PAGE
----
- In one episode of The Amazing Extraordinary Friends, Applied Phlebotinum splits the heroes into separate beings embodying their good and evil sides (although their 'evil' sides are selfish more than anything else).
- The creature Armus from the Star Trek: The Next Generation episode Skin of Evil describes himself as having come from a race of Titans who learned to physically manifest the dark part of their natures as a second skin, which they then discarded. Armus is the amalgamation of all of the discarded evil, or potential for evil, of a race. To say the least, he's a bit peeved about being left behind.
- An interesting example in that Armus is defeated by confronting him with the fact that he is less heartless than he first appears.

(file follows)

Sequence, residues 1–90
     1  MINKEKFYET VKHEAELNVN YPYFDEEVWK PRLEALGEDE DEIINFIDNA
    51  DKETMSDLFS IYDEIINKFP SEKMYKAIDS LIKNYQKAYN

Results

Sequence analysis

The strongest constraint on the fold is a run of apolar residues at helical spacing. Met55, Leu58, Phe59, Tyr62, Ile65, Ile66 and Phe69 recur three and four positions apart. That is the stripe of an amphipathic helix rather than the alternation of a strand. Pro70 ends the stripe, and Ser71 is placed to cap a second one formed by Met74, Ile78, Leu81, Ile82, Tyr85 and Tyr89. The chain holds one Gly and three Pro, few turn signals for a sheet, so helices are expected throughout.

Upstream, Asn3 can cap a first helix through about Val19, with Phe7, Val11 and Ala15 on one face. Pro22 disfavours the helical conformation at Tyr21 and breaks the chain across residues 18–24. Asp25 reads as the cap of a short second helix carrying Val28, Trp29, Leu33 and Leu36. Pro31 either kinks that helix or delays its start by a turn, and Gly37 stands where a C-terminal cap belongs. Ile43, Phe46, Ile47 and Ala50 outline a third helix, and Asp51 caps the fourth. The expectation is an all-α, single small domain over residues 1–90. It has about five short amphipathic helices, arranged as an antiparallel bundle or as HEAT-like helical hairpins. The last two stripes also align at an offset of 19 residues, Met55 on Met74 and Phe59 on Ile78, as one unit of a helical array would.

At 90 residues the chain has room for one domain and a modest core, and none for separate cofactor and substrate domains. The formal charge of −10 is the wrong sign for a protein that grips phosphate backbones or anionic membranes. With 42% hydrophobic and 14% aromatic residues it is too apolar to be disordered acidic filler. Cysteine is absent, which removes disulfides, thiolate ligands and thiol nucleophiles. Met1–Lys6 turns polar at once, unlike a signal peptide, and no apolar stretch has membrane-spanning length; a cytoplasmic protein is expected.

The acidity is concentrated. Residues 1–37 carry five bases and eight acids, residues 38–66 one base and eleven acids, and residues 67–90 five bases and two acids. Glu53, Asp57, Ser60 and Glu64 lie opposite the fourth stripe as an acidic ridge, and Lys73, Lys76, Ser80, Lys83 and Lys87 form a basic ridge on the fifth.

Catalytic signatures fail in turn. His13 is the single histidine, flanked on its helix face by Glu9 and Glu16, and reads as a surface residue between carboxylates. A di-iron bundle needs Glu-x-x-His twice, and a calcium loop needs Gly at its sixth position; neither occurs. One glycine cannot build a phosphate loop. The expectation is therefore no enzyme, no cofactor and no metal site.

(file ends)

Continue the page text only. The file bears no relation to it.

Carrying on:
- Super Sentai:
- Daimaou of Ninja Sentai Kakuranger is the embodiment of human hatred and despair. This means that killing him would unleash a Hate Plague on humanity so he can only be defeated by sealing him away.
- Don Armage of Uchuu Sentai Kyuranger was born from the despair of the universe and wants to save the universe by destroying it and creating a better one.
- The High School Heroes: The Mazins are humans who have been corrupted by an evil smartphone app that takes advantage of the pain in their hearts, which is represented by the giant nails that are driven through their chests in their transformed states.